Monday, April 27, 2009

Differing Definitions

Josh Marshall at Talking Points Memo has a post up called, Torture & Cowardice that illustrates one of the biggest problems with the whole torture debate: the definition of torture. Marshall writes,
There's a 'tough enough to make the tough calls' conceit behind almost all the pro-torture advocacy. Put in Dick Cheney terms, the courage to go to the dark side. But this conceit seems wholly belied by the unwillingness of the torture advocates to actually call it 'torture', as opposed to the various euphemisms
He continues,
In conversations I've had with people who say torture was either necessary or useful, my instinctive response has been to say that I'm not even willing to entertain the conversation unless they're willing to at least call something like water-boarding torture

Well, obviously it's his option who he wants to argue with. Like Marshall, I consider waterboarding to be torture. But unlike him, I don't assume that my personal view has the status of indisputable fact -- even if it has strong majority support. The reason that many people won't call certain interrogation tactics torture isn't because of "cowardice;" it's that they really don't believe that the term applies. There are veterans who have been waterboarded in training that don't consider it torture.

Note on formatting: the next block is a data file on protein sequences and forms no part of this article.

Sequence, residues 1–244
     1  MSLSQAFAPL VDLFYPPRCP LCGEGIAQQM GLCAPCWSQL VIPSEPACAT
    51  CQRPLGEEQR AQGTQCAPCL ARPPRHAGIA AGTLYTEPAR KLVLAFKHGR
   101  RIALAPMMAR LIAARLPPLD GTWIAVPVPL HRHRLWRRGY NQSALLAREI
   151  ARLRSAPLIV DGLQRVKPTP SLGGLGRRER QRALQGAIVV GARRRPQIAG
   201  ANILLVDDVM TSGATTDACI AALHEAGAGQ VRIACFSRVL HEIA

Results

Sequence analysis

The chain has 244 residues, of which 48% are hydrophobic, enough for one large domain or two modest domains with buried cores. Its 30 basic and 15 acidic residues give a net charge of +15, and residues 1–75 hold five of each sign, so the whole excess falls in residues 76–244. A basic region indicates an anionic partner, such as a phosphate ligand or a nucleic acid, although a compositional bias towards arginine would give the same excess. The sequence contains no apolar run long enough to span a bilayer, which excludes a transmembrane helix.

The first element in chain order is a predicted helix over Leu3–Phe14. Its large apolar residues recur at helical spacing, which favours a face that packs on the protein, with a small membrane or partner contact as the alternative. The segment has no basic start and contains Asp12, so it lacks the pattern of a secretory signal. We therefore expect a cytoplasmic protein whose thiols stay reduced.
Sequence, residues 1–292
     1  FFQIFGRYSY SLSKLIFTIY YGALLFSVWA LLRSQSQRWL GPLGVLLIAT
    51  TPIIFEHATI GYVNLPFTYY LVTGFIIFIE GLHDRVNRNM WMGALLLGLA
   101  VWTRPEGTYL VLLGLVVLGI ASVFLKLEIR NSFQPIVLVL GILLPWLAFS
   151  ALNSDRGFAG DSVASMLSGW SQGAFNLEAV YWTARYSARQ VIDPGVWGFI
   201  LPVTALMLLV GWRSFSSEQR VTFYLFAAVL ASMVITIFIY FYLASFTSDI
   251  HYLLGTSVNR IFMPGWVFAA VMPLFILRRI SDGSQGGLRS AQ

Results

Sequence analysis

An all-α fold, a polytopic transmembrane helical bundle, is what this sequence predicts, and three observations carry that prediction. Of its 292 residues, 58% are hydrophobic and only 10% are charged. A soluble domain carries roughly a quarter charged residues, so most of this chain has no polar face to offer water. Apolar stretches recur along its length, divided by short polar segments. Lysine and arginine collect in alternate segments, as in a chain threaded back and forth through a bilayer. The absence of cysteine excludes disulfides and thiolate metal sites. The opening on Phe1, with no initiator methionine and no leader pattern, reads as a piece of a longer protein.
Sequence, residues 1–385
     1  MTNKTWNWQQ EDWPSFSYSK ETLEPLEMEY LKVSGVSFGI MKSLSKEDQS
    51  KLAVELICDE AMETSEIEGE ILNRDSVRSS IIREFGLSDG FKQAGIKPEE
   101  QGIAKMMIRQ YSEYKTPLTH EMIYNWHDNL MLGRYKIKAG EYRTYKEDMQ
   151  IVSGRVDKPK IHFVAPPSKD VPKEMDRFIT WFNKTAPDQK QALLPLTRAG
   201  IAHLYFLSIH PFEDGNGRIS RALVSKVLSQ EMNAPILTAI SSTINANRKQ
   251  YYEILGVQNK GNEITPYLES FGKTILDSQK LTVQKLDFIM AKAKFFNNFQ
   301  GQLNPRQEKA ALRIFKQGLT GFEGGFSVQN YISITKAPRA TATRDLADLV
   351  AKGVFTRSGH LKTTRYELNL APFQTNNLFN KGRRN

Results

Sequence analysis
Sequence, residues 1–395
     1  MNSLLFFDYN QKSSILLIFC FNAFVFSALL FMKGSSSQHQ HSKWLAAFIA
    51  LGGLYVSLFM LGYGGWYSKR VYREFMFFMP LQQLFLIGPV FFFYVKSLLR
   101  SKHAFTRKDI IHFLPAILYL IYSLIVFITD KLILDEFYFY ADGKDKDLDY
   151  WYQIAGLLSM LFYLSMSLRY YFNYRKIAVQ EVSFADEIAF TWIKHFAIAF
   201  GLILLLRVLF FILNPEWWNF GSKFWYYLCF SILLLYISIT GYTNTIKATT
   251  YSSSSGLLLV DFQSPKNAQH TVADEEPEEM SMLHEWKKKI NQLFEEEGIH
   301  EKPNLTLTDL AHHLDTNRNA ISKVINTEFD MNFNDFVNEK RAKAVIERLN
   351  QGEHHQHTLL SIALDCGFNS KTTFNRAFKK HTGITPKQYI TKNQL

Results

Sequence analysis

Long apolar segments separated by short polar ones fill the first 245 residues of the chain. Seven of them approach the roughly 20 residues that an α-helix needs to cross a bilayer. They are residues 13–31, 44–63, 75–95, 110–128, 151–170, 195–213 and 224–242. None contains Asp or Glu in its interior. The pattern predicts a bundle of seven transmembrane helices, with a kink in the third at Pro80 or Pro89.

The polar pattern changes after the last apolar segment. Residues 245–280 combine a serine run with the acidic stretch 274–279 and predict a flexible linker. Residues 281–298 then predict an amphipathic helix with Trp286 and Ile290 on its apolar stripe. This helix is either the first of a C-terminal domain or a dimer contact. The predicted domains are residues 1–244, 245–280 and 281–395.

Marshall's attitude shuts out a huge part of the debate. Unfortunately, there is no universally accepted definition of torture. It means different things to different people.  If you force people to agree with your version before you'll even argue with them, that doesn't indicate much openness to debate at all. 

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